The Athenaeum: Teen Wing Tour

Now that the dust has settled, the grand opening is over, and we’re all moved in, I thought I’d post some pictures and give everyone a virtual tour of the Teen Wing. ๐Ÿ™‚ It’s been over a year of planning, fretting, and hoping for this beautiful space to come together. The pipe bookcases, the steampunk gears, the paint…I’m in awe of how perfect this new space is. I’m also incredibly thankful to The Oregon Cultural Trust, Google, Adams Design Center, LaRoque Design Company, ย and all of our donors and community partners for making this dream a reality.


Pretty snazzy looking, huh?

There are four main areas in the Teen Space, not counting the Digital Media Lab: The New Book Display, The Study Nook, The Lounge, and The Maker Bar.

The New Book Display


This area houses our bulletin board (with event flyers and a monthly calendar, a large pipe bookcase for displaying new books, and two cozy ottomans for sitting and reading.

The Study Nook


Three desktop computers for doing homework, surfing the internet, etc. Behind them, there’s also a whiteboard for collaborative study (off camera). The YA nonfiction collection – including a number of books on college and career prep, study guides, etc. – sits below the whiteboard.

The Lounge


AKA Hangout Central. Each day after school, the teens all rush upstairs to see who gets the couchย first. ๐Ÿ™‚ It has become a favorite spot for curling up to read or for playing the new Xbox One. The couch is on casters, which makes it easy to move when we need to open up the space for programming. The lovely gate leg table behind the couch expands to seat up to six teens – which is great for playing board games, doing crafts, or group study sessions. The TV doubles as a presentation screen for guest speakers and workshop leaders.

The Maker Bar


The Maker Bar is tucked along the outside wall of the Digital Media Lab. It seats three teens comfortably and has become a popular spot for doing homework. We purchased a Scrapbox Studio Tower and filled it with art and STEM activities: LEGOS, Strawbees, jewelry making supplies, yarn, knitting needles, crochet hooks, origami paper, charcoal, sharpies, drawing paper, watercolor paints…whew. You get the idea. ๐Ÿ™‚ In hindsight, I’d probably go with a cart, rather than a tower. Sadly, despite its efficiency, it was poorly constructed and I wouldn’t recommend it to others. But it’s been a joy to watch the teens making art and experimenting with all the supplies we’ve provided.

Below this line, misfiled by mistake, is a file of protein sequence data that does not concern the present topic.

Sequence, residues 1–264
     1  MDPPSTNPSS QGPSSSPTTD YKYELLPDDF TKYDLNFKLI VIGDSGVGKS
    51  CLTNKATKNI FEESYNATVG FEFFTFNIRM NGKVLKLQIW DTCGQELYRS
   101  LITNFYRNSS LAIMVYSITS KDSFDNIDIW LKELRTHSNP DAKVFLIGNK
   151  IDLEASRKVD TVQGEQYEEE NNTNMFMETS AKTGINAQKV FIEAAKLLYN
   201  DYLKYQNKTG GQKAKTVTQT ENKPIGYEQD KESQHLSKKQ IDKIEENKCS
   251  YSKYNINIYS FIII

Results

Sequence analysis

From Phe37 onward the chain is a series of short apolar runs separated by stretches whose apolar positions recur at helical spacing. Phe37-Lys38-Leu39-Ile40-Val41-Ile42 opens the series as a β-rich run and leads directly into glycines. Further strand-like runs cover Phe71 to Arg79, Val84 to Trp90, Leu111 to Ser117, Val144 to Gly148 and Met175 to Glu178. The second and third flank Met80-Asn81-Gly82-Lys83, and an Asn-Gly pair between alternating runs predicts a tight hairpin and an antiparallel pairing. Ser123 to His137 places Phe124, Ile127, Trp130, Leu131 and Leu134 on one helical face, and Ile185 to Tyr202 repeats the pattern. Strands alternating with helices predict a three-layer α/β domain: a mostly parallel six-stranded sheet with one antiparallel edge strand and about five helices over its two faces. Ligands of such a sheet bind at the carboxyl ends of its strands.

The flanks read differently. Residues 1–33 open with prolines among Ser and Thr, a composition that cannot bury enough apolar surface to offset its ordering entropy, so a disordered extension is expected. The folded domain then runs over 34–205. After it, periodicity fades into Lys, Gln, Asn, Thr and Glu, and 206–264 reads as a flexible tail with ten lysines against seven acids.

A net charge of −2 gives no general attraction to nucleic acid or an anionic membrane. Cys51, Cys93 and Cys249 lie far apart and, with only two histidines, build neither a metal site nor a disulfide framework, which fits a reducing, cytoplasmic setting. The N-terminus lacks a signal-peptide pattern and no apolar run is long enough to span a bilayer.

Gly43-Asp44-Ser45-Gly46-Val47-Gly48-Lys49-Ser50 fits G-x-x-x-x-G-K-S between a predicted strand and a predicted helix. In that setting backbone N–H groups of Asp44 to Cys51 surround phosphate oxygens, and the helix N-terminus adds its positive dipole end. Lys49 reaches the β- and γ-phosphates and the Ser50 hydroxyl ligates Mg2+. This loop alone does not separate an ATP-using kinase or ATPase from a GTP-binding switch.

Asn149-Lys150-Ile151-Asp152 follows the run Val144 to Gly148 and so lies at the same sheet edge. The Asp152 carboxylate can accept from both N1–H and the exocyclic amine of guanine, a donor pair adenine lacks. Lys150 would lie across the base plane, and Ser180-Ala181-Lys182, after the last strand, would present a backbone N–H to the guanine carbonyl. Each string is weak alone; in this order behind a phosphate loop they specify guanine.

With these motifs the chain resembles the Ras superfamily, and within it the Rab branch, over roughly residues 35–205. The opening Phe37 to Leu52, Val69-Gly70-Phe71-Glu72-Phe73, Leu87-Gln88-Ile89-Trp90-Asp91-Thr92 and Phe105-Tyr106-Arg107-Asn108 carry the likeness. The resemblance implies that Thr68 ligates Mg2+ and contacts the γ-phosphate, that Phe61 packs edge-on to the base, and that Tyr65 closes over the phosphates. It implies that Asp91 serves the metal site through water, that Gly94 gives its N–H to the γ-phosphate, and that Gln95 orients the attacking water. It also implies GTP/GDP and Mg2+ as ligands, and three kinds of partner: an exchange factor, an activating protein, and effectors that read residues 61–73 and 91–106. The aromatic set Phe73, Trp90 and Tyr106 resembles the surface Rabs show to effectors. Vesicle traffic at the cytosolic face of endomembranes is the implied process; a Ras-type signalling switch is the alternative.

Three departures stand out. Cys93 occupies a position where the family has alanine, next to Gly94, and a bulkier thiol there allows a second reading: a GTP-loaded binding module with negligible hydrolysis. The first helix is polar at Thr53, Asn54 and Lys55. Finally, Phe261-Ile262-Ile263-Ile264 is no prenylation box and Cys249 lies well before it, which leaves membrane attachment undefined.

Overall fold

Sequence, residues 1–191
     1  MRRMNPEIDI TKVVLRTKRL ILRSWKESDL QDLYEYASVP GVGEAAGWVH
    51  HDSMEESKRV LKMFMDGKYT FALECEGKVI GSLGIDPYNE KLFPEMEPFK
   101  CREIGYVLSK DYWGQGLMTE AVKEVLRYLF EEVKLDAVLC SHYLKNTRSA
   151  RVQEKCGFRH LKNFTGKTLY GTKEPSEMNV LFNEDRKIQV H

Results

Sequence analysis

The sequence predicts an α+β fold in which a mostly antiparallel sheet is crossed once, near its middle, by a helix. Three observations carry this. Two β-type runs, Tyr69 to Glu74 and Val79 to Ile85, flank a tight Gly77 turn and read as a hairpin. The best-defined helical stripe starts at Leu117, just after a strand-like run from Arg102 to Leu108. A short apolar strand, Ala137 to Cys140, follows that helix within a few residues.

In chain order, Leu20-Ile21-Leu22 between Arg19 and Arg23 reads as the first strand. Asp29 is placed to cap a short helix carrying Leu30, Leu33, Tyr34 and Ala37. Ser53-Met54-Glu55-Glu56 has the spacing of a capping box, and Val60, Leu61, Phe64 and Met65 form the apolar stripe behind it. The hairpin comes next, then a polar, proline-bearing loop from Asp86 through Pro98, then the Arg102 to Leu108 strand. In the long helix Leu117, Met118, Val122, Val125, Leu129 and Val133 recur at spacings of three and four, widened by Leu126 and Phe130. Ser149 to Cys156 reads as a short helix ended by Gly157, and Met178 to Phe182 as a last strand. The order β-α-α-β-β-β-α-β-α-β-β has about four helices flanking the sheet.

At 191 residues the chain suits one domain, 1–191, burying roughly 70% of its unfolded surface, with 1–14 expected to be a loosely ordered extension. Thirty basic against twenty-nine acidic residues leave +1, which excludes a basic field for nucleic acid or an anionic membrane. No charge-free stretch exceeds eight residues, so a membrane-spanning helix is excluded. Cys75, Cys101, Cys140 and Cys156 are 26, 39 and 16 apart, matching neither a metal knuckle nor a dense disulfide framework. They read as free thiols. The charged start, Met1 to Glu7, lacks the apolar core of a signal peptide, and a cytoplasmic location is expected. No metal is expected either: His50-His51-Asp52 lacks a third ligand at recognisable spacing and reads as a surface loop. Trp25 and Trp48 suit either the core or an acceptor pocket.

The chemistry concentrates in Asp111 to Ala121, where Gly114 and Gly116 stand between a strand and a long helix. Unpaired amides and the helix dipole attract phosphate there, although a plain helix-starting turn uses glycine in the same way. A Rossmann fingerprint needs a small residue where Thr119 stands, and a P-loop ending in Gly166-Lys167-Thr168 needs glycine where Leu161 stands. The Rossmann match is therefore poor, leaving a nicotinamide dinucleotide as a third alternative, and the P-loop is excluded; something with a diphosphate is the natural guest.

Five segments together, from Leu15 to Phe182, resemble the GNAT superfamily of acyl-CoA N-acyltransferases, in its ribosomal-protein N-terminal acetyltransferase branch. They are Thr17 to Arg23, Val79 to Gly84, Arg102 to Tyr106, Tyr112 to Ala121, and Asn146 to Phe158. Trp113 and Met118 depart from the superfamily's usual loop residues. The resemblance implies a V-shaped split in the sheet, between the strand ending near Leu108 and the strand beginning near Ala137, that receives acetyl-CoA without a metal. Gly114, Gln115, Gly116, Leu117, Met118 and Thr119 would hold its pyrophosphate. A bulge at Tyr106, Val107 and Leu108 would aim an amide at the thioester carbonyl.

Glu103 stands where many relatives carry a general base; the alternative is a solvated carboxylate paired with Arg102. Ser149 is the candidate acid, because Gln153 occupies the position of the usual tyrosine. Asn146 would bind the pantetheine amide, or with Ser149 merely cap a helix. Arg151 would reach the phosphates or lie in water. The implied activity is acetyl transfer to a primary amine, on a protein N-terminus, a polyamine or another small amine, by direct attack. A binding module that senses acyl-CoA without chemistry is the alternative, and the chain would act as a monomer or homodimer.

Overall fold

Bonus pics!ย 


The elevator door, which is undeniably awesome.


My custom desk and the door to the Digital Media Lab.

It’s been an incredible experience to watch this room be constructed. It’s hard to believe that, a year and a half ago, it was just an idea and a design I’d created using the SweetHome 3D program. I can’t wait to start offering regular programs for the teens in this wonderful space.

Here’s to goals accomplished!

Banned Book Bash

Oh, Banned Books Week: I forgot to plan for you. Forgive me, Book Gods, for I have sinned. Consider this my confession.

Despite my lack of planning, however, I couldn’t let BBW go uncelebrated. So I decided to throw an impromptu “Banned Books Bash.”

Station 1: The Food

Additional Confession: I am a fan of terrible, obnoxious puns. So our snacks for this program were all themed around the titles of banned books: The Chocolate War, A Clockwork Orange, The Catcher & The Rye.

Punny. So very punny. I couldn’t help myself.

Station 2: Banned Book Buttons

It is a truth universally acknowledged that teens are obsessed with buttons. The button maker never fails to be a favorite at any program. So I whipped up some Banned Book Week button images, let the teens additionally design their own images using templates, and then cut them loose to create.


Station 3: Blind Date with a Banned Book/Banned Book Mugshots

Every year, I create a “Blind Date with a Banned Book” display. I wrap the library books in butcher paper, leaving only their barcodes exposed, and write the reasons each book was banned on the butcher paper. It is a HUGE attention grabber at our library. Patrons love to try and guess which books are on the display, but we don’t let them rip off the paper until they check it out. ๐Ÿ™‚

So, naturally, I moved the YA section of our display into the room for our Banned Book Bash. I also created a mugshot poster so the teens could “get caught” reading banned books.

Station 4: The Movie

I pulled three banned YA novels that had been turned into movies and let the teens vote on which movie they wanted to see. They chose The Perks of Being a Wallflower.

The teens who came had a lot of fun and it was a great opportunity to talk about censorship and intellectual freedom. I think we’ll bring this one back again next year. ๐Ÿ™‚